Why "17 years" for the length of a patent term? Why? Why?
Perhaps I should mention that I have come up with a new solar energy invention that will revolutionize the entire field and save the world. I am ready with my claims. I have written up the thing so that it will withstand every challenge. But I won't make a move to submit a patent application, much less tell anyone a thing about it, until someone can satisfactorily answer this question.
Posted on 05/31/2007 10:10 PM by Hugh Fitzgerald
Thursday, 31 May 2007
Relativism vs. Certainty
What the creationism/evolution business is really about is the clash of visions between relativism and certitude, each of which is highly obnoxious to a lot of people—a different lot in each case, of course—for reasons not, in either case, hard to understand.
Philosopher Julian Baggini tried to split the difference in the Guardian
He didn't, in my opinion, really succeed; but you have to like a piece that quotes BOTH then-Cardinal Ratzinger AND The Big Lebowski.
Posted on 05/31/2007 4:44 PM by John Derbyshire
Thursday, 31 May 2007
Dozy bint not just of the week but of the month.
THERE isn't much about Sophy Delavigne that surprises her friends anymore.
But none of them could have predicted Sophy's latest - and biggest - surprise.
The 35-year-old pub manager from Chobham, Surrey, went on holiday to Egypt, met local barman Mohamed Ali... and married him 24 hours later.
Now the new Mrs Ali, who has two children from her first marriage, is preparing to sell her home and move to Egypt to be with her husband.
"He completely swept me off my feet," she says. "He's so romantic. I'm not stupid and I know I haven't known him for very long, but I've decided to give this marriage my best shot. And if it doesn't work it doesn't, but at least I've tried."
"I decided to take my book to the bar," Sophy says. "No one else was in there, so I ordered coffee and Mohamed and I started talking. I told him the music they were playing was terrible - and he told me he thought I was beautiful.
"We kept laughing and he then said, 'I'd like to take you out tonight.' And I thought, 'Why not?'" Mohamed, 28, took Sophy to an English-speaking bar nearby.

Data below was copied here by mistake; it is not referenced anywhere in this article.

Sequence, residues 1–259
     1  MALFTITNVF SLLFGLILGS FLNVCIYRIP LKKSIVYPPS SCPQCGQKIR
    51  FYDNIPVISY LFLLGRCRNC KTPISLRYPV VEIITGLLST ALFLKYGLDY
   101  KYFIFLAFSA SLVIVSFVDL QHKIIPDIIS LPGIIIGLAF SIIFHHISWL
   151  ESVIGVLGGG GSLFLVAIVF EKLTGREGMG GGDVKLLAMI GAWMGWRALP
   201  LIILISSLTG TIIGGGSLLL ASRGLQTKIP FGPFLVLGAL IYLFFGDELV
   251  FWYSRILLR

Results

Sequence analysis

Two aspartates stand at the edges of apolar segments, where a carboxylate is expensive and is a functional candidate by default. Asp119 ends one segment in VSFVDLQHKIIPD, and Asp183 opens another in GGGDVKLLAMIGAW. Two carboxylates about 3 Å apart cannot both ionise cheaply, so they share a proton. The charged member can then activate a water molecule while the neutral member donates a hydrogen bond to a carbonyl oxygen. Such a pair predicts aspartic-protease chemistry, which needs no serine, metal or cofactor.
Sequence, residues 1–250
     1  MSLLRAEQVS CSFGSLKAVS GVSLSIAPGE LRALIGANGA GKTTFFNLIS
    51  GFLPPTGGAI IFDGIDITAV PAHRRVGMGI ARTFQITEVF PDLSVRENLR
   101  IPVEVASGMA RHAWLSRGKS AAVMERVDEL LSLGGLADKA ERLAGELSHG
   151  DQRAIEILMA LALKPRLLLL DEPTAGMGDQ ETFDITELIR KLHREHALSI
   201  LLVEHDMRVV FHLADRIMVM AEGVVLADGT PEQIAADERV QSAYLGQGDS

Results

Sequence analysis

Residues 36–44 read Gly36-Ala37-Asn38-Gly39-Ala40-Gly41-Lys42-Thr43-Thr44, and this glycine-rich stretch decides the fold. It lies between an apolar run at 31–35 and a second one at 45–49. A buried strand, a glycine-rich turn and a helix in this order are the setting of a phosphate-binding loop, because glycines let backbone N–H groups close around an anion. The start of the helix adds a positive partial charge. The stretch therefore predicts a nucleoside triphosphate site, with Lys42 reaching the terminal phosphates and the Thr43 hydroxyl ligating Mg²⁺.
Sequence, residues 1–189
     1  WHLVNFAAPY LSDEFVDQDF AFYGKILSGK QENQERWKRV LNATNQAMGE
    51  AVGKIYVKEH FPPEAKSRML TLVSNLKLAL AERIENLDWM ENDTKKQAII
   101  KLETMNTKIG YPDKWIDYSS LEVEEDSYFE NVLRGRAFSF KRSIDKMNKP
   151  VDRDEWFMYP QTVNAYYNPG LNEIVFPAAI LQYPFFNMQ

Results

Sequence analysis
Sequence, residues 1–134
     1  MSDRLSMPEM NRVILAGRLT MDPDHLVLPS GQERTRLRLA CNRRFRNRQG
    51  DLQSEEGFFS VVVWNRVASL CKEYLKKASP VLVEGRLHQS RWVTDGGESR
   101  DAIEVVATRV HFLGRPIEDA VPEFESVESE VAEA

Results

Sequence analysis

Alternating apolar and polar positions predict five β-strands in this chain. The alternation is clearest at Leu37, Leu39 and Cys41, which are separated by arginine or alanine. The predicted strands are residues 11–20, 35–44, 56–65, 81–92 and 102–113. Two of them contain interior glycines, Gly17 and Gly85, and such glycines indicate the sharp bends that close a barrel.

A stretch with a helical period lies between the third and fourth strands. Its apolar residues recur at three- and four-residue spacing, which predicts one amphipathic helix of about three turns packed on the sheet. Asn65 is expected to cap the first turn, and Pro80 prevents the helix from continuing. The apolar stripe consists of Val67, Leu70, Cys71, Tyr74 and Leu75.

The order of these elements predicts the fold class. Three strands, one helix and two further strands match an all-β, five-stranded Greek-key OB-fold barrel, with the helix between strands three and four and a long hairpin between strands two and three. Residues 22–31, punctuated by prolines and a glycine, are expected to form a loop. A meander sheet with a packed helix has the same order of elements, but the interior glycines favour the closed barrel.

"He made me feel very special," she smiles. "When we were walking back, he picked a white flower and gave it to me. It was so different to the British men I've dated. At the end of the night he walked me back to the hotel and we had a goodnight kiss. A perfect first date."
But the next day was her last full day in the resort and she met Mohamed for one final drink. "He looked sad and said, 'I want to spend time with you'. We couldn't go back to my hotel room because Carole was asleep there and Mohamed had friends staying at his place, so he took me to another hotel.
"When we got there, he suddenly said: 'In Egypt, you can't stay in a room with someone unless you're married, so shall we get married?' I was shocked - but then I thought, 'What the hell!' I didn't take it too seriously to be honest.
"I signed the marriage certificate they pulled from a drawer and the manager was our witness - and that was that! (I have heard of the hot sheets motel, but not the hot sheets wedding chapel. Ew)
"Looking back, it wasn't very romantic - but we had the most fantastic sex that night. I thought, 'Thank God I've married him, because if I hadn't, I would have done as soon as I could.'"
Later that day, Mohamed saw Sophy off to the airport. She says: "He looked me in the eyes and said, 'You're my wife now, you're the only one. I want you to be with me.'"
At first, Sophy was cynical about whether Mohamed was telling the truth. "But as soon as the plane landed in England I got a phone call from him, checking that I had got home in one piece." A few days later, Mohamed sent her a gold ring - and now she is convinced they can make their marriage work.
Their marriage isn't yet recognised in Britain, and has still to be registered in Egypt but Sophy plans to do that when they move in together.
She adds: "I'm not stupid, I'm realistic. But I am in love with him and I really want this to last."
Mrs Delavigne, do yourself a favour. Go to the internet, call up a good search engine and look up Mut’ah. Islamic temporary marriage.
Posted on 05/31/2007 3:35 PM by Esmerelda Weatherwax
Thursday, 31 May 2007
Egyptian Villagers Explain Why They Perform FGM On Their Daughters
"The girl becomes smart and calm, and then she grows tall and beautiful."
Posted on 05/31/2007 3:30 PM by Rebecca Bynum
Thursday, 31 May 2007
Tunnel of Oppression
A friend sent me this
After a spell of gasping, weeping, tearing my hair, and having the cyanide bottle wrestled from my grip by a loving wife, I googled around on "tunnel of oppression." The darn things are EVERYWHERE, and have been for YEARS. One of the links tells me that a Tunnel of Oppression featured in a South Park episode. (I *really* must watch more TV.)
I have this flash mental image of a stranger showing up on an American campus and asking someone for directions to the Dean's office. "Sure: you keep right going here, turn left at the Museum of Tolerance, past the Office of Diversity Awareness, cross over Peace Plaza, hang another left at the Matthew Shepard memorial, around behind the Tunnel of Oppression, and it's right there, next to the Global Warming Awareness study hall..."